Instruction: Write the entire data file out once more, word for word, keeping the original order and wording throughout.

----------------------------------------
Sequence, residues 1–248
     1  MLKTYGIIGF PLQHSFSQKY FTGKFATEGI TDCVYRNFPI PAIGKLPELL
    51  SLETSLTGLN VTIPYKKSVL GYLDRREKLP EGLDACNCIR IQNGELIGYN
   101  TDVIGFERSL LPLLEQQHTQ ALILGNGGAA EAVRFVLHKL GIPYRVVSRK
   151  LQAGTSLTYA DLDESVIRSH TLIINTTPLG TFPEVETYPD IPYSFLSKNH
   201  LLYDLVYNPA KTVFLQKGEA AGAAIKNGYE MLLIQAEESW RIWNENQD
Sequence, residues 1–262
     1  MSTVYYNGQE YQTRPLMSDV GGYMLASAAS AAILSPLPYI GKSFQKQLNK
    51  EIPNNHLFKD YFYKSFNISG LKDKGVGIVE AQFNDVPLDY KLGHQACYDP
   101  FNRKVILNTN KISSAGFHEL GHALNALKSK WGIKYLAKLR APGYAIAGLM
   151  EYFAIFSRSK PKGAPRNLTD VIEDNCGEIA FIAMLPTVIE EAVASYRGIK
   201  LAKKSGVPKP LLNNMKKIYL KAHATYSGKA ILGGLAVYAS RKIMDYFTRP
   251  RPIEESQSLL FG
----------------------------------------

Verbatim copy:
Sequence, residues 1–248
     1  MLKTYGIIGF PLQHSFSQKY FTGKFATEGI TDCVYRNFPI PAIGKLPELL
    51  SLETSLTGLN VTIPYKKSVL GYLDRREKLP EGLDACNCIR IQNGELIGYN
   101  TDVIGFERSL LPLLEQQHTQ ALILGNGGAA EAVRFVLHKL GIPYRVVSRK
   151  LQAGTSLTYA DLDESVIRSH TLIINTTPLG TFPEVETYPD IPYSFLSKNH
   201  LLYDLVYNPA KTVFLQKGEA AGAAIKNGYE MLLIQAEESW RIWNENQD
Sequence, residues 1–262
     1  MSTVYYNGQE YQTRPLMSDV GGYMLASAAS AAILSPLPYI GKSFQKQLNK
    51  EIPNNHLFKD YFYKSFNISG LKDKGVGIVE AQFNDVPLDY KLGHQACYDP
   101  FNRKVILNTN KISSAGFHEL GHALNALKSK WGIKYLAKLR APGYAIAGLM
   151  EYFAIFSRSK PKGAPRNLTD VIEDNCGEIA FIAMLPTVIE EAVASYRGIK
   201  LAKKSGVPKP LLNNMKKIYL KAHATYSGKA ILGGLAVYAS RKIMDYFTRP
   251  RPIEESQSLL FG